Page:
How much have expenditures cascaded since the days of box cake and paper hats? Olen writes that 7 out of 10 U.S. parents spend more than $300 on a birthday party, while 1 out of 7 spend more than $1,000.
Theoretically, it’s our parents who teach us about money, the technicalities of how to handle it, but also how we might feel about it as a concept and approach it through a moral lens. But what about when our parents die before they can teach us anything?
Today’s post about the 31-year-old who lives at home gave me the idea that we should have an open thread about how much help we take or took from our parents, or how much we help our parents instead. I’ll volunteer to go first!
Having one kid is a really good compromise between having children and not having children. You get a lot of the benefits of being a parent without too many of the drawbacks.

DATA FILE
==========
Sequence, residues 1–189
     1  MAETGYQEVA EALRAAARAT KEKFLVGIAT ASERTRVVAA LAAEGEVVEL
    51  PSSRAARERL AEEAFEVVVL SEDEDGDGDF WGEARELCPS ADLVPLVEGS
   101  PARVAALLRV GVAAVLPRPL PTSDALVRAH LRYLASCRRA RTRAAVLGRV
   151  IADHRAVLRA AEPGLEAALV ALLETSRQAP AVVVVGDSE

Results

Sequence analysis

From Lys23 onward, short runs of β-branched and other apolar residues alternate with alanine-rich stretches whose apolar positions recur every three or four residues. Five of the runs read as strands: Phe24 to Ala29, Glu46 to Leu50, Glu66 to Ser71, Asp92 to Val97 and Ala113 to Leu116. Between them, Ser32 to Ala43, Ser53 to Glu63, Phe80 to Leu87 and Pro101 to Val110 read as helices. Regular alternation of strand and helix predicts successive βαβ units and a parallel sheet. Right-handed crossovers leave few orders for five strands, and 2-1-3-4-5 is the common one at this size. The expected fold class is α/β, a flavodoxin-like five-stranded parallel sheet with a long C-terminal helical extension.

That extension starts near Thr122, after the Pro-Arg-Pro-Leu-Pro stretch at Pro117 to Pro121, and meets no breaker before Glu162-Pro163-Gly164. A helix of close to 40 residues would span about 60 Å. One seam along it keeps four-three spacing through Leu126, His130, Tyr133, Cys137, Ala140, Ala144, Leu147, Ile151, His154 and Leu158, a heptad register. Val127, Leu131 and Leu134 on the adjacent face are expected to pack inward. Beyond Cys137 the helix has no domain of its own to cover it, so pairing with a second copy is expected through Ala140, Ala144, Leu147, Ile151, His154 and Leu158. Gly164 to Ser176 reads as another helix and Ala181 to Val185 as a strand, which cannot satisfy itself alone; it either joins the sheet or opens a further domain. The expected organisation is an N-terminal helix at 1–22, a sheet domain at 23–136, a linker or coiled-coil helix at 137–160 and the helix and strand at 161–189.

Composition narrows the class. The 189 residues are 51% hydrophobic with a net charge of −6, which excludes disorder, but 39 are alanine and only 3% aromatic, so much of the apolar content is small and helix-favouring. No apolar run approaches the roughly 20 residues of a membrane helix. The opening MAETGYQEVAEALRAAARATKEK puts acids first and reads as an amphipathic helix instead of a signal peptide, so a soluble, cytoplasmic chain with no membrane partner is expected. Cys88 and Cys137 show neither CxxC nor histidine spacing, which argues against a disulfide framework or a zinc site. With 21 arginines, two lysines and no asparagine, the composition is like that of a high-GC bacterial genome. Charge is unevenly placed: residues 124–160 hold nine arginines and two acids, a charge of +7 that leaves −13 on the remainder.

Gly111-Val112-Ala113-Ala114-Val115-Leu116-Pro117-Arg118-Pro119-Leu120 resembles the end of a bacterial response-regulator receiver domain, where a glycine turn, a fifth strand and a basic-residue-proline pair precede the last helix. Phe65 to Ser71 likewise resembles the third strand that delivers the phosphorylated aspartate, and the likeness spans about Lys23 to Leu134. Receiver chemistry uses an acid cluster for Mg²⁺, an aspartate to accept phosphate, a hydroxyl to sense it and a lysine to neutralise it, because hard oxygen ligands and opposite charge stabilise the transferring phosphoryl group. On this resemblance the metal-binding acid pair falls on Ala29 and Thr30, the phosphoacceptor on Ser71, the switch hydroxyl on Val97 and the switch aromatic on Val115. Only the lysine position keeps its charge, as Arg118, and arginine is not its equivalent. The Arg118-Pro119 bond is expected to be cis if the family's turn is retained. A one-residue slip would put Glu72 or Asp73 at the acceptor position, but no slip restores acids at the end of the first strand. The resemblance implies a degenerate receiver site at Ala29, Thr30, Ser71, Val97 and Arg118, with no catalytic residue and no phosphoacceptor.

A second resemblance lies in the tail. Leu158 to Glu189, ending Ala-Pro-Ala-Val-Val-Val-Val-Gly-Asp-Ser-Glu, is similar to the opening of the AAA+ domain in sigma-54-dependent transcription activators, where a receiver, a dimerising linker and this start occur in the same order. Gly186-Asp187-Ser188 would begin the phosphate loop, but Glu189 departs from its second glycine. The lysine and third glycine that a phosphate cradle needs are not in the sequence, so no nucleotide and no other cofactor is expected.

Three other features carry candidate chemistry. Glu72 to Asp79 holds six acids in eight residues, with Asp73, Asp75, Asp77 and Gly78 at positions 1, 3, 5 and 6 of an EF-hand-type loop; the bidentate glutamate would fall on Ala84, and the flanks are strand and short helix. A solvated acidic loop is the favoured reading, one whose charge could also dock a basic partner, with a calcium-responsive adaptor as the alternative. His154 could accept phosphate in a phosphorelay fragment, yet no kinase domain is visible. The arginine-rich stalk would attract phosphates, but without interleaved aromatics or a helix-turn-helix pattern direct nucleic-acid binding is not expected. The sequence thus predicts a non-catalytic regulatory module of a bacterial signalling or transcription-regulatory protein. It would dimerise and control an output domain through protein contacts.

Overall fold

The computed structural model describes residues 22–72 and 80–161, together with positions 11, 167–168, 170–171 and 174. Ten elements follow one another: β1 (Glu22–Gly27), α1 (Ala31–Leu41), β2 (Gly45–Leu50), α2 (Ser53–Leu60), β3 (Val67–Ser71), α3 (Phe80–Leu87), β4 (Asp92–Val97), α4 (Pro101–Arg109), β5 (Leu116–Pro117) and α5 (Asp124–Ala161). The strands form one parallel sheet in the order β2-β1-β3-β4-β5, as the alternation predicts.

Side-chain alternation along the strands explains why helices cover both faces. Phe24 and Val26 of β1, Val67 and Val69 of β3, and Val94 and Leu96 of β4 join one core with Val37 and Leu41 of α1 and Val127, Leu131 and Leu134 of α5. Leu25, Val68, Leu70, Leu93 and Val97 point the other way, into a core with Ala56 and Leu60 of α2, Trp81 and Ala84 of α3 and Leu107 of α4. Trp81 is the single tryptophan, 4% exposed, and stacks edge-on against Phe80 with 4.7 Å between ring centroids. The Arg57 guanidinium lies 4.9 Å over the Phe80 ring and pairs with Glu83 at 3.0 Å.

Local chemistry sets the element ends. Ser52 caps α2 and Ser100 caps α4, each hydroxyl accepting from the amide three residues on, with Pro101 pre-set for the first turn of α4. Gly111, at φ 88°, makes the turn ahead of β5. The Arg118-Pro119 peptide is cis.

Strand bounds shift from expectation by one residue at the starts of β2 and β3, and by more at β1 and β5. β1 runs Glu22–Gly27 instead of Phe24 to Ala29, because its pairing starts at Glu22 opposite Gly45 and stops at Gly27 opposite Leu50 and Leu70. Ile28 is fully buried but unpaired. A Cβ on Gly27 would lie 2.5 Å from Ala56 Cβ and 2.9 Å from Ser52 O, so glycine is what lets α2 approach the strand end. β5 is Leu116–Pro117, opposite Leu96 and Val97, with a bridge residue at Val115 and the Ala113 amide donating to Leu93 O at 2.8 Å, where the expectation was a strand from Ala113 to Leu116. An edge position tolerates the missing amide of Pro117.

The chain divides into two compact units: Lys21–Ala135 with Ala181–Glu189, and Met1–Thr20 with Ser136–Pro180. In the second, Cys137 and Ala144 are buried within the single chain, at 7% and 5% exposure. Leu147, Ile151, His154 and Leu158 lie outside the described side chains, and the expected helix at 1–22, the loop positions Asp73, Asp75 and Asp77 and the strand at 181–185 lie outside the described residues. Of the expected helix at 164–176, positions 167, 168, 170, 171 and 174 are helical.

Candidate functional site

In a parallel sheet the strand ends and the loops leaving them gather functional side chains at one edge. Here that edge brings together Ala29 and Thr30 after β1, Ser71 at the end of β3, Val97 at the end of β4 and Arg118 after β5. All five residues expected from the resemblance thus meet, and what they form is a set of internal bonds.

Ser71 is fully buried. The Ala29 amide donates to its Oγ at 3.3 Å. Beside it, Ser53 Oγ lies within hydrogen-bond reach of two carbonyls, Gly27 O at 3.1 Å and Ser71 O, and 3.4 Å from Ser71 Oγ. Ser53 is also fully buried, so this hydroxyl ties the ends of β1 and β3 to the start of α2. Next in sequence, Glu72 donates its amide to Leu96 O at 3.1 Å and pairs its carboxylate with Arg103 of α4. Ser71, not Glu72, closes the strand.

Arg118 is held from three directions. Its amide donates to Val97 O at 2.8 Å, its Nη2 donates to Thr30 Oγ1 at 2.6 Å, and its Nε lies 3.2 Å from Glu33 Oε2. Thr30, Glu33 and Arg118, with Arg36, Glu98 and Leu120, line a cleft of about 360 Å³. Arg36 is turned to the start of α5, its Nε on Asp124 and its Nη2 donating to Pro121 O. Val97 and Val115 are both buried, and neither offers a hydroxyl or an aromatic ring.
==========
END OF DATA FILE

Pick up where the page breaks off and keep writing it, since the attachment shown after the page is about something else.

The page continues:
The most pirated film of the year is a film about thieves and crooks. That sounds about right.
Balance remains elusive, or perhaps just expensive.
Perhaps it’s a good time to read that Michael Lewis piece going around about “What Wealth Does To Your Soul.”
If you don’t need to work to live, why work?
“Your father,” she said, “never spent a penny of his money on you. You were in ratty clothes, all but rags, but he drove a nice new car.”